• Grant funds restoration of floodplain trail

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  • Katie Peterson | Staff Writer
    Ever since the Great Flood of 1993, the floodplain of the Missouri River has been covered with tree overgrowth and shrubbery making it almost impossible for anyone to hike through the trail to the river. However, thanks to a $20,000 grant from the Forestry Reserve Account, there are now two miles of 20-foot-wide open trail that leads straight to the Missouri River from Chief Joseph Loop.
    “Fort Leavenworth has about 15 miles of trail in total out in the floodplains,” said Neil Bass, natural resources specialist for the Department of Public Works. “These are multi-use trails open to horseback riding, mountain biking, hiking (and) trail running. It allows horseback riders to get down in the floodplain where there hasn’t been a lot of opportunity in the past (and) allows easy, more readily available access to this huge contiguous forest and some really unique birding opportunities and outdoor recreation.”
    The Forestry Reserve Account expands across every military installation — Army, Navy, Air Force, Marine Corps — that has a forestry program, Bass said. Each installation raises funds throughout the year to use on forestry projects. At the end of the year, any money not used goes into the Forestry Reserve Account reserved for large projects on the installations.
    “Some installations are 100,000-plus acres and they raise millions of dollars a year for their forestry programs. So, the (Forestry Reserve Account) allows us to use the money from other installations that make a lot of money but can’t spend it all,” Bass said. “In 2016, I had written up the request through the FRA to clear this trail and open it up.”
    Though it took almost two years from the initial request to get the trail cleared, the actual clearing process took less than a month, Bass said.
    “(The contractor) just used a big dozer, came through here and pushed it all,” Bass said. “The soil is hardly disturbed. I was surprised.”
    Bass said there are several sites and wildlife to be seen along the trail including deer, coyotes, bobcats, rabbits, turkeys and flying squirrels.
    “It gives about a 4.5-mile loop that a person can take and walk out into the floodplain forest and to the Missouri River. It allows miles of continuous activity where you don’t have to see the same thing twice,” Bass said.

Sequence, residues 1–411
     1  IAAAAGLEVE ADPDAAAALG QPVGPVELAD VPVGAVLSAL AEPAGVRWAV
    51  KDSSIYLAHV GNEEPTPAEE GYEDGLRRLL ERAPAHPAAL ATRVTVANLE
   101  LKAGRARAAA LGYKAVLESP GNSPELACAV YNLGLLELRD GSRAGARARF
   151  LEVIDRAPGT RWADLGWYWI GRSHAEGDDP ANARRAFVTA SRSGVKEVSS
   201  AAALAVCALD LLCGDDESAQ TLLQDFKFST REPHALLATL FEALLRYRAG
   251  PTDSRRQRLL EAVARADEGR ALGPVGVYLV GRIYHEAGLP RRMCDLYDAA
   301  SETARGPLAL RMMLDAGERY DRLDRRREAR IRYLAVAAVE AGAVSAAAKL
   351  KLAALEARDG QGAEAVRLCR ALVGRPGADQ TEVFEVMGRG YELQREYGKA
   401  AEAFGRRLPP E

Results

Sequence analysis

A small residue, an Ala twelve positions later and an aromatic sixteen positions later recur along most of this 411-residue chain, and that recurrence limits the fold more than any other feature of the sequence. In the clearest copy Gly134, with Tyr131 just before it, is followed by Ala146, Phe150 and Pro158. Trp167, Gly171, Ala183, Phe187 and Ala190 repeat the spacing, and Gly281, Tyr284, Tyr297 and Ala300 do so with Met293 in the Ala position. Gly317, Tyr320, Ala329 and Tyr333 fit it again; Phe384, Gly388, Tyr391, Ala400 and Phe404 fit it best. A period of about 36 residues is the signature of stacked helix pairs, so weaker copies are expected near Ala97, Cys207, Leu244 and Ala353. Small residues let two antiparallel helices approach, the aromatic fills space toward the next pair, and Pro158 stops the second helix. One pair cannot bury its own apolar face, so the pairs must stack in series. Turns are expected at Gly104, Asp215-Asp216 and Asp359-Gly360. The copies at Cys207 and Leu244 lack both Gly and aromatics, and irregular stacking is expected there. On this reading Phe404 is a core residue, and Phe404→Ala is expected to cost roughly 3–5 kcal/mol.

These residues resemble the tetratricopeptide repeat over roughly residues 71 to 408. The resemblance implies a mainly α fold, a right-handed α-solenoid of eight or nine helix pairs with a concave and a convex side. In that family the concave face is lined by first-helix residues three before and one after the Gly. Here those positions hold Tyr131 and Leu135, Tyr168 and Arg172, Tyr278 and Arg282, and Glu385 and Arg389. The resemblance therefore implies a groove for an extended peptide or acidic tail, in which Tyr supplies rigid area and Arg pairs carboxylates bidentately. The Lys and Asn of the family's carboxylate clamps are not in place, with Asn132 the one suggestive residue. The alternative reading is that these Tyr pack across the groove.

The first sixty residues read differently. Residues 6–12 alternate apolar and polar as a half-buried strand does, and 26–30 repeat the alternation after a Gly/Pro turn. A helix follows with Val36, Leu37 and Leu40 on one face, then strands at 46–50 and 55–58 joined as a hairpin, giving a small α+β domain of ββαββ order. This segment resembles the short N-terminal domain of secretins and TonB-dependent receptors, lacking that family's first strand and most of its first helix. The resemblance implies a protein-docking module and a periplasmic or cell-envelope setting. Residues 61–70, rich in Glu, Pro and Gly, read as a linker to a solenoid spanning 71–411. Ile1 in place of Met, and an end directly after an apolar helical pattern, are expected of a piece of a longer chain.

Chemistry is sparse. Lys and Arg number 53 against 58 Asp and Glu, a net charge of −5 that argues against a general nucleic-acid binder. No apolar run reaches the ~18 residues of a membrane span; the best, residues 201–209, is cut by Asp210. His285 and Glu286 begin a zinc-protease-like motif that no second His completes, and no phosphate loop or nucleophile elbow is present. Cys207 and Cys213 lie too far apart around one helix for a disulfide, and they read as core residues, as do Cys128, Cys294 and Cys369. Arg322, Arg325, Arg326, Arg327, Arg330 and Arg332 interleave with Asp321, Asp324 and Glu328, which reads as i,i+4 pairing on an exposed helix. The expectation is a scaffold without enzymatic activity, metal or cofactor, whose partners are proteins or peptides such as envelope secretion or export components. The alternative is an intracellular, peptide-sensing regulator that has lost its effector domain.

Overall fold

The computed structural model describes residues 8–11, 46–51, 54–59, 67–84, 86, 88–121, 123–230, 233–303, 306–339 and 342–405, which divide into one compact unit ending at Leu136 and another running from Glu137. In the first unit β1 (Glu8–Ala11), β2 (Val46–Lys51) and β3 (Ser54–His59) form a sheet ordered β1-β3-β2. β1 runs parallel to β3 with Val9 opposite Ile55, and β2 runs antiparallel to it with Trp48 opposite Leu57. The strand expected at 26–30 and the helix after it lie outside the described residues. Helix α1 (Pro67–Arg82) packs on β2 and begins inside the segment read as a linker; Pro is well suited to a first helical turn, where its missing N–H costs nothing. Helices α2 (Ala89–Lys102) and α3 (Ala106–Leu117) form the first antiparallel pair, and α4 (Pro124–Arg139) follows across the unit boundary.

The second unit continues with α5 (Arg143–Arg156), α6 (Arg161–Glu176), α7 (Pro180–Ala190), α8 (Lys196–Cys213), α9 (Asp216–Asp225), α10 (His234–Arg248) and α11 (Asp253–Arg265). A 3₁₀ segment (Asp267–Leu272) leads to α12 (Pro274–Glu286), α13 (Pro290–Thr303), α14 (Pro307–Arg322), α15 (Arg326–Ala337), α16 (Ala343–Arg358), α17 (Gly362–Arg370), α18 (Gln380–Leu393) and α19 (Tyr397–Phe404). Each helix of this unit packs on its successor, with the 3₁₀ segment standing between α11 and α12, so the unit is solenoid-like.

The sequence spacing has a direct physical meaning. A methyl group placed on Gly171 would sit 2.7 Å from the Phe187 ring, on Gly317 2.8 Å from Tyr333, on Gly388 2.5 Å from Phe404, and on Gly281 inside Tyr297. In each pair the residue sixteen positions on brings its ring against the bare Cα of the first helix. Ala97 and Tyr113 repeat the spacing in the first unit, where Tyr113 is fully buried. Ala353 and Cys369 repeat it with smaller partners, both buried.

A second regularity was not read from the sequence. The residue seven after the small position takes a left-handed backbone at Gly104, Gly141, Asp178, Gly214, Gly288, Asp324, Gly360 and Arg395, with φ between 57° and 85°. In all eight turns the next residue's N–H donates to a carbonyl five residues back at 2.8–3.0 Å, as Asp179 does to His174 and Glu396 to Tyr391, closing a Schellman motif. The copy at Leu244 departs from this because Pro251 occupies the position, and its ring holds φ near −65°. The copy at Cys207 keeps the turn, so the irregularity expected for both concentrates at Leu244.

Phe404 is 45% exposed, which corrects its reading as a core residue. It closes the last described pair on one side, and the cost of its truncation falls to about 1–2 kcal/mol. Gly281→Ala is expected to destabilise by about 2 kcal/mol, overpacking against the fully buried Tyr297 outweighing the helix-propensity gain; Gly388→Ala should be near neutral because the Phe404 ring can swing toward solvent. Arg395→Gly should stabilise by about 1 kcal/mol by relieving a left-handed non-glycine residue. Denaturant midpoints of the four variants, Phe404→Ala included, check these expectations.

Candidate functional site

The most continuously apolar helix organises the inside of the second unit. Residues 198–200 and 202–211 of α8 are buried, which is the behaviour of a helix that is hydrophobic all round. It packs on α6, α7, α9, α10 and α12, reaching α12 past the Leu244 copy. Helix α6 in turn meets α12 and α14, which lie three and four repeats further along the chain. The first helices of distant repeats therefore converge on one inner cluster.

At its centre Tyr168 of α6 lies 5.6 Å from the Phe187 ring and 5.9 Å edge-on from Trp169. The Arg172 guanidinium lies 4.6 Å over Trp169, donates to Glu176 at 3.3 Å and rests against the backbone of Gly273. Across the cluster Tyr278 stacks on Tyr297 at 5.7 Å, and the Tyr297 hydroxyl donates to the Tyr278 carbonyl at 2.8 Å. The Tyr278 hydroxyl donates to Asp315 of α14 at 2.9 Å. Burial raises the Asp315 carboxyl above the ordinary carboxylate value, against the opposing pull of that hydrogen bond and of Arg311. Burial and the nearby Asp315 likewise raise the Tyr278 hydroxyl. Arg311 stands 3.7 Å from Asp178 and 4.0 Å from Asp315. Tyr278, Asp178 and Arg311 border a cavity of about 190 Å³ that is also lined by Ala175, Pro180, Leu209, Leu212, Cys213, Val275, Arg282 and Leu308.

“What is really neat and unique about that area is Fort Leavenworth has the largest, contiguous track of riparian forest left on the Missouri River. This is very important for natural resources (because) it is an important stop over point for neo-tropical migrant birds. It also provides habitat for several species that are rare in Kansas because Kansas is not a heavily forested state.”
    Page 2 of 2 - To further add to the appeal of the trail, Eagle Scout candidate Nathan Waugh of Troop 366 will help seed the bare ground with native grass and clover for his Eagle Scout project, Bass said.
    “(It) will help cover the path and help stabilize it so it doesn’t erode as much,” Bass said. “We will also provide greens for turkeys and deer that live back in the forest. The clover will be really beneficial and is good for native pollinators because it will flower and they can come through as well.”
    Waugh said he chose to do the project because he thought it would be fun.
    “We get to work in a remote part of the floodplain most of us have never seen or experienced before,” he said. “It’s important because it helps expand the trail system and allows more people to enjoy and use that portion of the floodplain. It also helps provide food for local wildlife.”
    While there are several benefits to the trail opening up and being cleared, Bass said one of the main reasons is for safety.
    “While this isn’t an awesome road, it does allow some vehicular access if someone were to get hurt back here,” he said.
    “The most important thing (when on the trail) is to be aware of hunting seasons and knowing when there is an active season. Be sure to wear hunter orange (and) be careful with your footing,” he said.
    For hunting season information on Fort Leavenworth, visit http:// ksoutdoors.com%20hunting/When-to-Hunt.
    Bass said he was pleased with the final results.
    “I’m very pleased (and) it exceeded my expectations for the project,” he said. “I’m really excited about it because it could provide opportunities for more people to get out and enjoy the floodplain forest which is so unique to the Midwest.”
    For a map of the bottomland trails, contact Bass at 684-8979 or e-mail michael.n.bass.civ@mail.mil or see the online version of this story at www.ftleavenworthlamp.com.
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